Trust Your Data, And Who Has It

By Matt Tyrer

Trust. It is probably one of the most important elements of any relationship. Be it business, romantic, platonic, or between a pilot and his wookie, trust is the cornerstone of these engagements. Data. Probably one of the most important things about you right now, be it your Social Security number, date of birth, bank account, passwords, or other identifiable information that is your data. Now put those two together and we have the current crisis of faith.

Your data is out there, everywhere really, when you think about it. Before the topics of “Privacy by Design” and overall “data privacy” really came to the forefront, we wantonly put our data out there. We innocently didn’t know or believe that harm would come from agreeing to all the things we agreed to, just to access a website, or a video, or a news article, or one of the million apps out there. Looking back, were we ever foolish. I know I would have done things differently or at least been more cautious understanding things as I do today.

Would you do the same?

Data has value. Your data, for example, can be sold for advertisers to target, hackers to compromise, or other third parties to use for research or perhaps less malign intents. So, who (if anyone), do you trust with that information? How can you guard and protect it from those you don’ttrust having it? These are difficult questions to answer as the game board keeps changing. Globally, regulations such as the General Data Protection Regulation (GDPR), the Personal Information Protection and Electronic Documents Act (PIPEDA) and the California Consumer Privacy Act (CCPA), to name a few, are being introduced or are already on the books to help with that data protection. The rules of the game are changing, but if you look at the news there are still many that aren’t necessarily abiding by those rules. Telco is selling their users’ data. There is the Cambridge Analytica debacle. Data breaches at Google, Marriott, Quora and many others just reinforce the need to take our data privacy seriously.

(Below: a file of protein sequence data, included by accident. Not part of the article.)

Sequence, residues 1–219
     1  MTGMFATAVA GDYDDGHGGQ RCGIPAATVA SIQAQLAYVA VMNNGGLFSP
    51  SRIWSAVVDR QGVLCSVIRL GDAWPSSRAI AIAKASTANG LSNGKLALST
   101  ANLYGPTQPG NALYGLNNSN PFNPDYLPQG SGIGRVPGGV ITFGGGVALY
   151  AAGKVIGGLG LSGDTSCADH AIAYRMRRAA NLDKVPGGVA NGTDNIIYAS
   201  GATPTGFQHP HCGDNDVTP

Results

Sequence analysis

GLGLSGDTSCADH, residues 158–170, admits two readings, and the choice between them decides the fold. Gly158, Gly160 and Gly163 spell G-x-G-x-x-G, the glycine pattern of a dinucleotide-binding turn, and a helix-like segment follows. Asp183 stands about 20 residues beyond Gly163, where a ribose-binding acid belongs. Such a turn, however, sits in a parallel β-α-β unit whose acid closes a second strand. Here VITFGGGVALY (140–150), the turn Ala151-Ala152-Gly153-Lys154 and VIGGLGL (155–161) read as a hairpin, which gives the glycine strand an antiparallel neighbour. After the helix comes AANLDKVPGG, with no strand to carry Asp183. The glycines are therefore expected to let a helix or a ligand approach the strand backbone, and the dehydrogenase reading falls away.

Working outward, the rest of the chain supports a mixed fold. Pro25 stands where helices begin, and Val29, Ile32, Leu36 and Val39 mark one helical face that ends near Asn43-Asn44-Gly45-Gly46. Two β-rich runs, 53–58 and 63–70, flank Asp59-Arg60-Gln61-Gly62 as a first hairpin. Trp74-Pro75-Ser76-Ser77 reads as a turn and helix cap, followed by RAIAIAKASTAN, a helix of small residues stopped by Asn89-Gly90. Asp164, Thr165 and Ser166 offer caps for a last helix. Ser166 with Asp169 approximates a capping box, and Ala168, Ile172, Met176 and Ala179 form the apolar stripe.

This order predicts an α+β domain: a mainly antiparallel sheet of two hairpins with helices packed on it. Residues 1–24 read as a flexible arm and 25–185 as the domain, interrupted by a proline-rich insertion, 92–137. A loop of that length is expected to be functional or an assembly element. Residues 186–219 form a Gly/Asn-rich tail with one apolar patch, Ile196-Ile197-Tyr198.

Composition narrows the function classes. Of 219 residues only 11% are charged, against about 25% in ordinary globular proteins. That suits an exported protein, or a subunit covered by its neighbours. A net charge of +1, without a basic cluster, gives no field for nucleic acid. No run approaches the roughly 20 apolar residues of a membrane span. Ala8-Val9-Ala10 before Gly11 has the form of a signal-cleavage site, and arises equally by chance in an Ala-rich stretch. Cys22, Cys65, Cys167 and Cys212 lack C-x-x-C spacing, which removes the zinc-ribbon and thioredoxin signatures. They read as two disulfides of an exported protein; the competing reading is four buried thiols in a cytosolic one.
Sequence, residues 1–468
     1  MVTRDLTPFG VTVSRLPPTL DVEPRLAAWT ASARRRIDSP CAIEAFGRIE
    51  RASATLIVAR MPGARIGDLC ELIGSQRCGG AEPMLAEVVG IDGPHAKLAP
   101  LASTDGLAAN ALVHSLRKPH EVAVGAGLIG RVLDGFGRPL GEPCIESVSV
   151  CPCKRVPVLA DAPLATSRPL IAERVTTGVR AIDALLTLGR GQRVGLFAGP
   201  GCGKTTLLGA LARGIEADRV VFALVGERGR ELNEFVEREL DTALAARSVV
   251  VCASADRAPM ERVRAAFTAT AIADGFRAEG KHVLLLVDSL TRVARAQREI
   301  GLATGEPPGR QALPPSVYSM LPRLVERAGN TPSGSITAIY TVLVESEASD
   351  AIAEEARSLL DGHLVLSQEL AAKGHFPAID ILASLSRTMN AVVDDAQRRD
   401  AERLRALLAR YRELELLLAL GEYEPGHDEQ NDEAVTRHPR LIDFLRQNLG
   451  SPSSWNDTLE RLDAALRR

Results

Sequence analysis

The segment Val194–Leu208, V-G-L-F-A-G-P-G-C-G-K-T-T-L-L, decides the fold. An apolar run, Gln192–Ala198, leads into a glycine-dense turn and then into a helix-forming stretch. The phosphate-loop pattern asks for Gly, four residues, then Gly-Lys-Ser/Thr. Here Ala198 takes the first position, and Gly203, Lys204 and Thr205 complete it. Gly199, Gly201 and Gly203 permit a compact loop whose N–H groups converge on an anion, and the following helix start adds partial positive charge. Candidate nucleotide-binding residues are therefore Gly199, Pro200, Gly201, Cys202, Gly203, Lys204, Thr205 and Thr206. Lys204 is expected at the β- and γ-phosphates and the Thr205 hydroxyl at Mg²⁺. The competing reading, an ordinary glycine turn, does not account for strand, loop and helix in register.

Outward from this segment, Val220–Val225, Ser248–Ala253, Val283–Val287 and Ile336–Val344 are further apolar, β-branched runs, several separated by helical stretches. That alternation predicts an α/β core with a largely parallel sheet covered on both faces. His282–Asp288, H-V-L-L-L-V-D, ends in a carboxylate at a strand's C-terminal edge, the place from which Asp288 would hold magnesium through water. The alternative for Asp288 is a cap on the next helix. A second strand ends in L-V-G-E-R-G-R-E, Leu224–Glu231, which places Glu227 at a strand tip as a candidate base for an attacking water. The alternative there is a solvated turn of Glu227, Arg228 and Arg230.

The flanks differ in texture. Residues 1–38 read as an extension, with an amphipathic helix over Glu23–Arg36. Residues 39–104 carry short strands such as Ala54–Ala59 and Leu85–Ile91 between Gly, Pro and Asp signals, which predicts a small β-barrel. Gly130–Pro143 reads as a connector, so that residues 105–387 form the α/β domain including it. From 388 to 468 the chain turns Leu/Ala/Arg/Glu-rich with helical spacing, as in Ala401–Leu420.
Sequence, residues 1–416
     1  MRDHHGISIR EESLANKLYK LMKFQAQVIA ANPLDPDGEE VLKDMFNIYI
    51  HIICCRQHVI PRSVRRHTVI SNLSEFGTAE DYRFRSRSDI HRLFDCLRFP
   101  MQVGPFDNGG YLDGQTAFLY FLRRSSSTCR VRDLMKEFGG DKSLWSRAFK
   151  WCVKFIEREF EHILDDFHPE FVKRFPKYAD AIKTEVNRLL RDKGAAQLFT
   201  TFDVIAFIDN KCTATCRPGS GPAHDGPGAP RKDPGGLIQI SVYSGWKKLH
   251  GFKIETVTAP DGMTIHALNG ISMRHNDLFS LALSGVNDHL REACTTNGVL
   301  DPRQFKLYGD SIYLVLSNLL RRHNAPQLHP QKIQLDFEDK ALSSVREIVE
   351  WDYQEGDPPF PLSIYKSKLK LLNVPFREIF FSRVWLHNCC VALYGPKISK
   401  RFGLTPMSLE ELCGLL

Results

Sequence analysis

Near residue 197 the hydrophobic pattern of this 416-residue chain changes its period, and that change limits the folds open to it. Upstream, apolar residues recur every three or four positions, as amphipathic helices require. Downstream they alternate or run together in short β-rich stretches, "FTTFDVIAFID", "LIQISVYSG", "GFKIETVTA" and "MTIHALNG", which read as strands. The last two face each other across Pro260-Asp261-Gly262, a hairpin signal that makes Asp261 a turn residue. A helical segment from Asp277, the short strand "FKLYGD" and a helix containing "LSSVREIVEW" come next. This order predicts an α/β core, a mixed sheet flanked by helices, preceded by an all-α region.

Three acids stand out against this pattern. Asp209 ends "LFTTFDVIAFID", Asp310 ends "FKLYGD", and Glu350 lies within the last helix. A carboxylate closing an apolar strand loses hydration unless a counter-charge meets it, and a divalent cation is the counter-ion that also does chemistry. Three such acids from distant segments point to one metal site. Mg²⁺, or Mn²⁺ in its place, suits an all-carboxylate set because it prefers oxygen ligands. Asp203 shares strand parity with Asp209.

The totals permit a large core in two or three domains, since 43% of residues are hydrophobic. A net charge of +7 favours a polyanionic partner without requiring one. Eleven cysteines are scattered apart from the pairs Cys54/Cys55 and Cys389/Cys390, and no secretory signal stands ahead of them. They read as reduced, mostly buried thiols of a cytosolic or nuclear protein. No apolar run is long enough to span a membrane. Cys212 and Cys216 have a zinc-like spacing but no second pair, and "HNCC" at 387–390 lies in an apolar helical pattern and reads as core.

So what can we do? 

  • Frequently review the privacy settings we have for the various tools we use. Don’t take it for granted! Many apps reset their privacy configs following an update, which may leave you exposed if you don’t go back and check on them. 
  • Be aware of what info you are giving away! Does that site really need our postal/zip code or birth date for us to download its promised content? 
  • Are the companies you partner with just as diligent in their handling of data as you would be with your own? Do you trust that company ABC will respect the privacy of your clients as much as you do?

The game has changed, and the time for us to question the player(s) is now. Make sure you know and understand the rules of engagement before signing on the dotted line. Your data and your clients’ data has value and you should be sure you are treating it with the same care you would any precious cargo.

So this #Data Privacy Week, check your apps and settings, and make sure you check your own policies on how you handle your customers’ data and how others manage yours.